You Will Get Truthful Answers
When You Start Giving Truthful Questions
A non-selling posture tries to see everything with an open and expansive mind and without personal and product identification. It neither attacks or defends. Attacking and defending ends up being the same thing; a weakness. Attacking your competition or vigorously defending your offering only marginalizes your selling position. The only time to justify your authority is when you attack your customer's problems by getting to the root causes and helping them assess the cost of changing.
The non-selling posture is all about being centered and grounded. There are no wide extremes of blue skying your product attributes, or wildly defending against objections and resistance, because you cannot be in the right, or be right, while at the same time repudiating what is wrong, or opposing others who are wrong and misinformed.
When one is centered one ends up accepting their customers for who they are and honoring them for whatever position they may be in. Do not think you know what ultimately is best for them. You never will. There are too many variables and unknowns that you will never have access to. When you stop imposing your will on your customers, you stop complaining and taking it personally when they do not heed your advice. This is very refreshing for most sales people who find many elements of selling to be manipulative, overly aggressive, frustrating and even cheesy.
Do not confuse a non-selling posture with being passive, apathetic, inactive and nonchalant. The non-selling posture is a powerful tool that gets customers to exchange sensitive and important information because the sales person is nonthreatening, disarming, balanced in their approach and authentic in their desire to uncover the truth.
The non-selling posture allows you and your customer to confront one of their biggest fears upfront – the truth. It seems that everyone is running from the potential of either giving bad news, or receiving bad news. "When reps look for nothing but good news, that's typically all they will find," says Tim Wachel. They are addicted to "hopeium" (hope of good news). They cannot flush out bad news because they resist the truth at all cost.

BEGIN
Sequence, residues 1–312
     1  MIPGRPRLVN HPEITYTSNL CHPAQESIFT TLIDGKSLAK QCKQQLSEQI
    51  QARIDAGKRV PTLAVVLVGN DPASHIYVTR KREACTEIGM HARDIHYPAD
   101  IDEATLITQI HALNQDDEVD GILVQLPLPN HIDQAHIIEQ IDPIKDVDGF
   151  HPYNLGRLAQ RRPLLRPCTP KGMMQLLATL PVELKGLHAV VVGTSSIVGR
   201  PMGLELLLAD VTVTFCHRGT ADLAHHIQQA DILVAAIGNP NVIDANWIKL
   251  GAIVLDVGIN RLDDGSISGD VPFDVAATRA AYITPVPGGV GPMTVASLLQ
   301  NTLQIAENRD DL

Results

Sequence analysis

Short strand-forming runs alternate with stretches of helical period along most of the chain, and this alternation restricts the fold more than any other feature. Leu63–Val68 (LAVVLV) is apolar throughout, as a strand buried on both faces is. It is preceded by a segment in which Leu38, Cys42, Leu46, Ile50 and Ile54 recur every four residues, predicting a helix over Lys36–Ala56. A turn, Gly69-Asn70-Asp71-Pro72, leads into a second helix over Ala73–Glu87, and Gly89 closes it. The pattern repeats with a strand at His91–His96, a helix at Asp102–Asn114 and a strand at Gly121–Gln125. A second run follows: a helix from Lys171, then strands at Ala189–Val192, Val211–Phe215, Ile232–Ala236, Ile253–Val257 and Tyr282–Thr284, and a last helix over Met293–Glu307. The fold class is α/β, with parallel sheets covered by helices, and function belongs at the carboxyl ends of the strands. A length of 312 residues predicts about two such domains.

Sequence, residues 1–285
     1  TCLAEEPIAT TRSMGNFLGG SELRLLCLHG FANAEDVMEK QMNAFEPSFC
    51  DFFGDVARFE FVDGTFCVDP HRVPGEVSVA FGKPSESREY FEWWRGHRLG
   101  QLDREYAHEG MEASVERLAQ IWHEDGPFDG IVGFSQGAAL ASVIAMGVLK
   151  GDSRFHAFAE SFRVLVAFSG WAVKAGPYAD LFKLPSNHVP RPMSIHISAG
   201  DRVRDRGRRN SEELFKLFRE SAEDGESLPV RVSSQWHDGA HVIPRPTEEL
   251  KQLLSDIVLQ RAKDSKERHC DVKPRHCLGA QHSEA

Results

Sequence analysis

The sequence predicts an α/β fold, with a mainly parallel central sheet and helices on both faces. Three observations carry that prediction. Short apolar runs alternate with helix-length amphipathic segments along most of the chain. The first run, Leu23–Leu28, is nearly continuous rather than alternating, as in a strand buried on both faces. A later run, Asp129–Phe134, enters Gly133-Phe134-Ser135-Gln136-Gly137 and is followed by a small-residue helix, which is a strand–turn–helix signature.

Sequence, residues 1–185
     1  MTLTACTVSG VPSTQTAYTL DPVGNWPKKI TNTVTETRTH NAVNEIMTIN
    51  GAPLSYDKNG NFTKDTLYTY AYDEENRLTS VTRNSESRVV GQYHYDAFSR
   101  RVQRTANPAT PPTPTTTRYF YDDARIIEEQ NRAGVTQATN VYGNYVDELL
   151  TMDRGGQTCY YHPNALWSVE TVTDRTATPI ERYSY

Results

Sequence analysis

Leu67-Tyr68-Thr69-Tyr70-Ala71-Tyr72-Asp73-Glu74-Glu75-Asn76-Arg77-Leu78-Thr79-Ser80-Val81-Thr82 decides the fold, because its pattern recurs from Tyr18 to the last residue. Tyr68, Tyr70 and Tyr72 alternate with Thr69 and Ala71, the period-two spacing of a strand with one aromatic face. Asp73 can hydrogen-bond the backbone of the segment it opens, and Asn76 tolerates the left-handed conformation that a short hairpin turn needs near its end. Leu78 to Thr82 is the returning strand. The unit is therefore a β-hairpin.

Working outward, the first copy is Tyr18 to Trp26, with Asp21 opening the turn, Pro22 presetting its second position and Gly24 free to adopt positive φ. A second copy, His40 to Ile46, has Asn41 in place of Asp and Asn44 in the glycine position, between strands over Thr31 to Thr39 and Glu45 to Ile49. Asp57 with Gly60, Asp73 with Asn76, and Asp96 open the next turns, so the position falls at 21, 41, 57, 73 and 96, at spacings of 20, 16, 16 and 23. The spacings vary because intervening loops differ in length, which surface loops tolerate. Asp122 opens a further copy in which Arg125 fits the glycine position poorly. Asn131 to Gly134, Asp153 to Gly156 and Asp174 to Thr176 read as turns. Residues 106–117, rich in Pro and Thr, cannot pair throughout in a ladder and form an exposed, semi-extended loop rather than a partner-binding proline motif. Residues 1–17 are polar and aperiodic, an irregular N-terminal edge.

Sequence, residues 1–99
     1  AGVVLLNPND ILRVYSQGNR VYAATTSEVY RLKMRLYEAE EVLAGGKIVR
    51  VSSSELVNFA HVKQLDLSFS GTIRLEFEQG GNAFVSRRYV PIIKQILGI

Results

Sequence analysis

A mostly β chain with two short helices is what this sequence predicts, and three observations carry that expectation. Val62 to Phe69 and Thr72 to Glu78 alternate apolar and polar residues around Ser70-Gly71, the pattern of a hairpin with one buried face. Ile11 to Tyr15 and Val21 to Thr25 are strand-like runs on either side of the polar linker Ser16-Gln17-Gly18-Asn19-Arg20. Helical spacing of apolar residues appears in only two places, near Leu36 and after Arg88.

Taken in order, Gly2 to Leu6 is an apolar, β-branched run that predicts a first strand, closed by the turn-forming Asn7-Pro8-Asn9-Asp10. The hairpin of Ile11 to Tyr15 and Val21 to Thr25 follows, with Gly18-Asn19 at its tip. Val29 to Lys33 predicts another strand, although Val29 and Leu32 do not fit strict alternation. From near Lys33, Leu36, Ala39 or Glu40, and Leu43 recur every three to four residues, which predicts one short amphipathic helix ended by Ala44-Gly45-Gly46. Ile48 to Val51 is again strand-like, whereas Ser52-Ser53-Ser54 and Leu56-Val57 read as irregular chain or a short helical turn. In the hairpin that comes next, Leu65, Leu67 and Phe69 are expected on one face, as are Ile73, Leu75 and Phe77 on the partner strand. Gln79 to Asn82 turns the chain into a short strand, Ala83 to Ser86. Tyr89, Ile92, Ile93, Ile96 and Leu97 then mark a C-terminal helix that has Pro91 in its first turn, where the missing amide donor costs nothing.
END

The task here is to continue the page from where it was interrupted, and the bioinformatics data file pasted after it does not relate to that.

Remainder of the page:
A strategic sales person is like a forensic tax investigator. They do not take anything at face value, they sniff around for clues and evidence, they are always looking for patterns of behavior, looking for true motives and looking for contradictory statements and evidence.
The reality is customers will give you more truthful answers if you give them more truthful questions; questions that are fair-minded and unbiased. You will also get to the truth quicker when you temper your enthusiasm. "Enthusiasm is contagious" is an old and archaic sales tenet. Today, enthusiasm is contagious, and it is a killer. Enthusiastic selling's fatal flaw is a loss of objectivity and credibility. It is very difficult to be enthusiastic and at the same time explore and expose serious problems. It is totally out of context. Enthusiastic selling has a very limited place in the information economy where customers are not looking for enthusiastic packaging of product information, but are looking more for insight and understanding.
"Sales people who fear hearing the truth or bad news are really asking questions as if they are saying; Mr. Prospect, please spare my feelings by telling me what I want to hear," says Tom Freese. Ask questions that customers are afraid to ask of themselves. Questions that appear to weaken the sales person's position or negotiating posture generally will be viewed as risk-free on the part of the customer and therefore they are more likely to answer it truthfully.
Control and power over customers are weaknesses disguised as strengths. A non-selling posture is achieved when one refuses all forms of external authority and control. One's selling position becomes more tenuous when one wants credit, control, ownership and validation. Keep in mind to remain in charge of a sales call, you need to give up being in charge.